Green Room

Nielsen buys Arbitron for $1 billion

posted at 1:12 pm on December 19, 2012 by

For the past several decades, Nielsen has measured TV ratings and Arbitron, radio. The ratings they produce dictate ad costs and whether programs get canceled. As technologies improved, both companies have switched from a system of paper diary-keeping to a combination of paper diaries and electronic devices. Radio ratings have always been harder to capture than TV ratings.

Nielsen can easily stick a device on a household’s TVs or remotes (they do both) to see what its owners are watching, but recording what a person hears on the radio requires they wear a device on them. The Portable People Meter, as it’s called, picks up ambient radio signals whether you’re in the mall or your car, but it has the downside of making you look like you’re wearing a beeper. They’re expensive, so Arbitron ended up with a rather small and unchanging sample for a lot of its radio ratings.

I wonder if the acquisition by Nielsen will allow them to put more PPPs in the field and improve monitoring of online streaming and the like. From the press release:

“U.S. consumers spend almost 2 hours a day with radio. It is and will continue to be a vibrant and important advertising medium,” said Nielsen Chief Executive Officer David Calhoun. “Arbitron will help Nielsen better solve for unmeasured areas of media consumption, including streaming audio and out-of-home. The high level of engagement with radio and TV among rapidly growing multicultural audiences makes this central to Nielsen’s priorities.”

With Arbitron assets, Nielsen intends to further expand its “Watch” segment’s audience measurement across screens and forms of listening. “These integrated, innovative capabilities will enable broader measurement of consumer media behavior in more markets around the world,” said Steve Hasker, Nielsen President of Global Media Products and Advertiser Solutions. “We will also bring local clients greater visibility to empower more precise advertising placement and campaign effectiveness.”

“Radio reaches more than 92 percent of all American teens and adults because they love to listen to music, talk, news and information while at home, at work and in their cars,” said William T. Kerr, President and Chief Executive Officer of Arbitron. “By combining Nielsen’s global capabilities and scale with Arbitron’s unique radio measurement and listening information, advertisers and media clients will have better insights into consumer behavior and the return on marketing investments.”

I’ve had an interest in how the ratings work since long before I got into radio and TV. I was a Nielsen family (yes, they exist!) for two years in the early 2000s, and I was drunk with power. When I was on the radio, I learned about the PPP. Frankly, it’s amazing how relatively sloppy ratings systems have always been given how much money and media they influence. As technology gets better and we start streaming and downloading almost everything in easily measurable chunks, the data will get better. And, given Big Data’s influence on this election, Nielsen’s improving data will be allowing candidates to connect your teen-vampire show addiction with the political messaging that works for you.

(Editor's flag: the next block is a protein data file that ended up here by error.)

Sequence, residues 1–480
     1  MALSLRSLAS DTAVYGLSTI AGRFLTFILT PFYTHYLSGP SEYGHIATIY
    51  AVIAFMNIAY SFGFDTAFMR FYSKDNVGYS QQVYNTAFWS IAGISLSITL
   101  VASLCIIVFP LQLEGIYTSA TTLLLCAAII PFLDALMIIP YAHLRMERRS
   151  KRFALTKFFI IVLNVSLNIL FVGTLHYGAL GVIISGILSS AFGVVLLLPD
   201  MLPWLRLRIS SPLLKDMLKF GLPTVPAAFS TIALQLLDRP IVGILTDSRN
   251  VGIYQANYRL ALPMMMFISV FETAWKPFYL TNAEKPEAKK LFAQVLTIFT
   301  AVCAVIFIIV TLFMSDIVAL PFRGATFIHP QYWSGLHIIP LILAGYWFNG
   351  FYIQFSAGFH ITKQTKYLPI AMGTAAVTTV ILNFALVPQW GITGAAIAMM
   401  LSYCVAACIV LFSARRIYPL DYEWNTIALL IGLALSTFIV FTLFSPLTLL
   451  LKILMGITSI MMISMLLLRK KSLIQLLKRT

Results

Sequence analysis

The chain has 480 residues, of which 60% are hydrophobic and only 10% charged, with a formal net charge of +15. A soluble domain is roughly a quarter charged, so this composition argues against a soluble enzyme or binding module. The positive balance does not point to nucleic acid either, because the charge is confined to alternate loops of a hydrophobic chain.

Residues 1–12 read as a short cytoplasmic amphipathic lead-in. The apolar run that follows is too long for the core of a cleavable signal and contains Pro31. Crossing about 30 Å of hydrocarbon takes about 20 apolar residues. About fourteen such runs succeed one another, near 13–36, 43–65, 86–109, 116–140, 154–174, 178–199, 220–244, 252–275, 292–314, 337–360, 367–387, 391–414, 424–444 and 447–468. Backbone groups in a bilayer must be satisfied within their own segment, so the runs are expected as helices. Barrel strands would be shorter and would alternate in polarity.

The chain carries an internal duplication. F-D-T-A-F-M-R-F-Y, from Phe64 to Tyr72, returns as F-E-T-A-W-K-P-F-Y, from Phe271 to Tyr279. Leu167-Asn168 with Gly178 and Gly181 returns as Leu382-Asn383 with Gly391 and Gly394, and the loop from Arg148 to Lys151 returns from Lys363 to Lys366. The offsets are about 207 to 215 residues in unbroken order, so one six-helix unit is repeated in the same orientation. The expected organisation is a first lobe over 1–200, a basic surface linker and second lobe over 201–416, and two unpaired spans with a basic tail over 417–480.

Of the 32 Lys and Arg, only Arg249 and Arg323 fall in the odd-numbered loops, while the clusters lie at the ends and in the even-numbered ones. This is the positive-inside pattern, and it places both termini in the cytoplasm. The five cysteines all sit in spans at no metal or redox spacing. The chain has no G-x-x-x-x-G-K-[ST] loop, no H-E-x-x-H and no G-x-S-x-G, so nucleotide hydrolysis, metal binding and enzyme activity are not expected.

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Comments

We were a Nielsen household recently…for a week, when they got back the survey and saw that we don’t watch broadcast or cable TV (we do online, but not via the tube) :)

changer1701 on December 19, 2012 at 1:22 PM

I doubt Arbitron would want me to have one of those PPP’s. I almost always change the station the minute commercials start playing.

Bitter Clinger on December 19, 2012 at 1:44 PM

changer1701 on December 19, 2012 at 1:22 PM

Same – though not having been a Nielsen house.

Sure, we watch plenty of videos and a rare show on the internet, but it’s a very rare occasion that our tv is on for “tv”, and then it’s usually to watch the weather radar during a storm. We stopped watching tv with any regularity about 6 years ago. Too much other stuff to do. TV takes away so much time… the internet is bad enough for that already – and that’s my news source.

Arbitron probably wouldn’t be too bad, but then again, I tend to listen to two Christian radio stations that are listener supported… so no commercial ads.

Logus on December 19, 2012 at 2:07 PM

Same – though not having been a Nielsen house.

Sure, we watch plenty of videos and a rare show on the internet, but it’s a very rare occasion that our tv is on for “tv”, and then it’s usually to watch the weather radar during a storm. We stopped watching tv with any regularity about 6 years ago. Too much other stuff to do. TV takes away so much time… the internet is bad enough for that already – and that’s my news source.

Arbitron probably wouldn’t be too bad, but then again, I tend to listen to two Christian radio stations that are listener supported… so no commercial ads.

Logus on December 19, 2012 at 2:07 PM

Yeah, there’s just not much on that we’re interested in, even when there is time for it. Plus, via streaming online, you can find a lot of it anyway.

changer1701 on December 19, 2012 at 2:25 PM

Plus, via streaming online, you can find a lot of it anyway.

changer1701 on December 19, 2012 at 2:25 PM

Some pointers, please? I do Hulu, but a lot of stuff on there is premium content. Some of the channel sites I’ve been to either make it very hard to find their programming or require a subscription to their tv service.

GWB on December 19, 2012 at 3:35 PM